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Green Tara

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Green Tara



Green Tara (Skt. Śyāmatārā; Tib. Drol Jang; Wyl. sgrol ljang) — the main form of Tara and source of all her other manifestations.

Source

RigpaWiki:Green Tara







Śyāmatārā. (T. Sgrol ljang). In Sanskrit, “Dark Tārā”; in Tibetan Green Tārā”; according to a widely held Tibetan myth, the goddess who consorted with a monkey (an emanation of Avalokiteśvara) and gave birth to the Tibetan people.

Later, she took the form of the princess Bhṛkutī, Nepalese wife of King Srong Btsan Sgam Po.

After Avalokiteśvara, Śyāmatārā is perhaps the most widely worshipped Buddhist deity in Tibet and the focus of the nonsectarian Tārā cult.

The Namas Tāre Ekaviṃśatistotra (“Twenty-One Praises of Tārā”) is one of the most widely known prayers in Tibet, and her Mantra, oṃ tāre tuttāre ture svāha, is second in popularity only to OṂ MAṆI PADME HŪM, Avalokiteśvara’s mantra.

Each Tibetan sect has its own tantric rituals (Sādhana) and ritual propitiations (Vidhi) for Green Tārā, who is considered particularly helpful to those building monasteries and other religious structures, and to those starting business ventures.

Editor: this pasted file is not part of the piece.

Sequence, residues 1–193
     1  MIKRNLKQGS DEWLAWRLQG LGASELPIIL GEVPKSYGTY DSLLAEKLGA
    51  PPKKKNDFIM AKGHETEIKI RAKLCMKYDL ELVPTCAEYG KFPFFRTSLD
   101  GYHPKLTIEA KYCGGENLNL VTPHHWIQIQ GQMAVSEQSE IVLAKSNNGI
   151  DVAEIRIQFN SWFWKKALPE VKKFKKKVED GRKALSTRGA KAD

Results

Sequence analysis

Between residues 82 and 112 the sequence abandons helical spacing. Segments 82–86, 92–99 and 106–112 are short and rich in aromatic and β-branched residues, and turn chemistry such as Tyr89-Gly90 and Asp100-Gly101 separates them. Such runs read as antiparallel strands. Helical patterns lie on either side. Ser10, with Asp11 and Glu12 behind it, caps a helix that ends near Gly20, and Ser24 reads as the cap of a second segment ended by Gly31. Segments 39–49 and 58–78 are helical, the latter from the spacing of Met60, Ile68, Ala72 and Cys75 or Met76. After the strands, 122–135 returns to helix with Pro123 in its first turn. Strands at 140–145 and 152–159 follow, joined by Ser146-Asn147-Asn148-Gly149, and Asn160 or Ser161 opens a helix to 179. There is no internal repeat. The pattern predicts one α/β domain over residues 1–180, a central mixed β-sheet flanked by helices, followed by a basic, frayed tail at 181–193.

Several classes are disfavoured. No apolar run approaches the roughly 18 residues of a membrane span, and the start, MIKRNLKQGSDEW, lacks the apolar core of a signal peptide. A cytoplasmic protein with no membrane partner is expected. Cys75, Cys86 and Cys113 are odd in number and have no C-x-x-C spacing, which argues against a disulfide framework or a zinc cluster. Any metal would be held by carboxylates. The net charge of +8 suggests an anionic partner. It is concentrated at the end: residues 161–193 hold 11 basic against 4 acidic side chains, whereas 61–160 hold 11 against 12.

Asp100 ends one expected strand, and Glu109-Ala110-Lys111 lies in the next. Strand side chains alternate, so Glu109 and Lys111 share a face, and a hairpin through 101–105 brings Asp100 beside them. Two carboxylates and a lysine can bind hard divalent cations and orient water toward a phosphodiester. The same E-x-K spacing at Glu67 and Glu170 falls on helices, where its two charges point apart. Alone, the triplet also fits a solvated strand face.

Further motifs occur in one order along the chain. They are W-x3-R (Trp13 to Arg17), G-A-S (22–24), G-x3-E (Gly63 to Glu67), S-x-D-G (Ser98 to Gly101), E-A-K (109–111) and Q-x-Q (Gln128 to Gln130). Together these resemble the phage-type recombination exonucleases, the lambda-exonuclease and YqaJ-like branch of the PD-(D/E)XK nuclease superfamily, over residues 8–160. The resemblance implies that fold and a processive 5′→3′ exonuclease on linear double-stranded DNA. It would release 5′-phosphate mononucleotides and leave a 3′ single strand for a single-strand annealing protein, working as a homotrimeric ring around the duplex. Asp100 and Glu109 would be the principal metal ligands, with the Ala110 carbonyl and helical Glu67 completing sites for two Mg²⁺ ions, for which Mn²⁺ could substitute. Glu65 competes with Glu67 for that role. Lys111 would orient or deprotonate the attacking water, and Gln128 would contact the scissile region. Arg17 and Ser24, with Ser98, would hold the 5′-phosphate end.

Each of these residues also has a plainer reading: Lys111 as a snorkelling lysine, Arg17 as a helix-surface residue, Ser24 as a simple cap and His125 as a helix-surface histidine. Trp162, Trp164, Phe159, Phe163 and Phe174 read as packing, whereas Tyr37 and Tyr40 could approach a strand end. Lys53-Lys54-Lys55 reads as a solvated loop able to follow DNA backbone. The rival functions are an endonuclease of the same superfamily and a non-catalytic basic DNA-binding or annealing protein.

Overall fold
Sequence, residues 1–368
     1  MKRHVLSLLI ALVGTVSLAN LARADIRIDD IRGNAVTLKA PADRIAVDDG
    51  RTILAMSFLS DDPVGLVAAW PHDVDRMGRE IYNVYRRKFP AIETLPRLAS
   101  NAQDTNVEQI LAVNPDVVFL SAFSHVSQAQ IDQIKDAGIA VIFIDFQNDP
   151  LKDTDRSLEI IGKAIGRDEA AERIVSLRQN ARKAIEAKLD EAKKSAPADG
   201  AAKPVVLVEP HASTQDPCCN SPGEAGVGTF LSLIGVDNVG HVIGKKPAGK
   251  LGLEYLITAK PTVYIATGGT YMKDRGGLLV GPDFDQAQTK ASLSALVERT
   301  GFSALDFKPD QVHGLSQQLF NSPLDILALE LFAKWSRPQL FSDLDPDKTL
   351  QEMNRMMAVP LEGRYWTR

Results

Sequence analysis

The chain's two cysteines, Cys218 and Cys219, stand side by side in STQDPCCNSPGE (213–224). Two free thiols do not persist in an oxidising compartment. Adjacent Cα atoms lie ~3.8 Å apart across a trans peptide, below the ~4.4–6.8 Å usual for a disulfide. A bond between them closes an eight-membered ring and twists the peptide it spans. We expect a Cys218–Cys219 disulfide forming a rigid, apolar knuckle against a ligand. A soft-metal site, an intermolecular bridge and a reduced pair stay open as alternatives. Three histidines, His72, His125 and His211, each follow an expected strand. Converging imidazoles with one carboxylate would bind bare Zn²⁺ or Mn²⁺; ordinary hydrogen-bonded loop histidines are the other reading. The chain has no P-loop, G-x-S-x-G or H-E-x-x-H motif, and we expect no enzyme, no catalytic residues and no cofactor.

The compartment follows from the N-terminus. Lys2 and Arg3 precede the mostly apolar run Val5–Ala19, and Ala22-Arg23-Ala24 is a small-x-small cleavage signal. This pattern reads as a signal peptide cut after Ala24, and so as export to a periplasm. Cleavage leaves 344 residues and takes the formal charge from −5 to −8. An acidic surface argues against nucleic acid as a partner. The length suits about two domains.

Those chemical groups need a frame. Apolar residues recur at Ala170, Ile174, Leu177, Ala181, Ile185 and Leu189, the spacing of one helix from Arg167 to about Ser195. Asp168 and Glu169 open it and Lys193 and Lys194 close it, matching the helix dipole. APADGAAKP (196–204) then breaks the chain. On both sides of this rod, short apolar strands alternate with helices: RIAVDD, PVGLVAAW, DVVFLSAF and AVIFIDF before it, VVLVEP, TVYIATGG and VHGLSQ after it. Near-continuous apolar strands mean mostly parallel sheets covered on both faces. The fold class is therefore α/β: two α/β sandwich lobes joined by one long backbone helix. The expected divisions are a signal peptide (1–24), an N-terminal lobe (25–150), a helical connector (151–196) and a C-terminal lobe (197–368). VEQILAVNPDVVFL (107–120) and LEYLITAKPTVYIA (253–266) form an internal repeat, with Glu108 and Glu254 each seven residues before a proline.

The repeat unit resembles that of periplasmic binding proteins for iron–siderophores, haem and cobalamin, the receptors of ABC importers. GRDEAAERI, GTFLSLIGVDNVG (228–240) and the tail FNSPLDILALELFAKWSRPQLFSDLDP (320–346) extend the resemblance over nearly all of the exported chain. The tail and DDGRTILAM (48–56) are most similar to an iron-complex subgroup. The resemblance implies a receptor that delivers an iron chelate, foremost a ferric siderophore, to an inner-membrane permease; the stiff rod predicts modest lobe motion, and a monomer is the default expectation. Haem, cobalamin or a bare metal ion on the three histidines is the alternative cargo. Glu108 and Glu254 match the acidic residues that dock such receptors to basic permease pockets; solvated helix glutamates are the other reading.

Green Tārā is iconographically represented as sitting in Lalitāsana with her left leg bent and resting on her lotus seat, her right leg pendant, with the knee slightly raised, the foot resting on a second smaller lotus.

Atiśa Dīpaṃkaraśrījñāna, an Indian Buddhist monk and scholar revered by Tibetan Buddhists as a leading teacher in the later dissemination (Phyi Dar) of Buddhism in Tibet, was a devotee of Green Tārā,

and the temple commemorating his principal residence during his later years in central Tibet, in Snye thang (Nyethang), is the Sgrol ma lha khang (Drolma Lhakang) “Tārā Temple,” which is widely believed by Tibetans to have a statue of Śyāmatārā that can speak.

Source

The Princeton Dictionary of Buddhism by Robert E. Buswell Jr. and Donald S. Lopez Jr.

See Also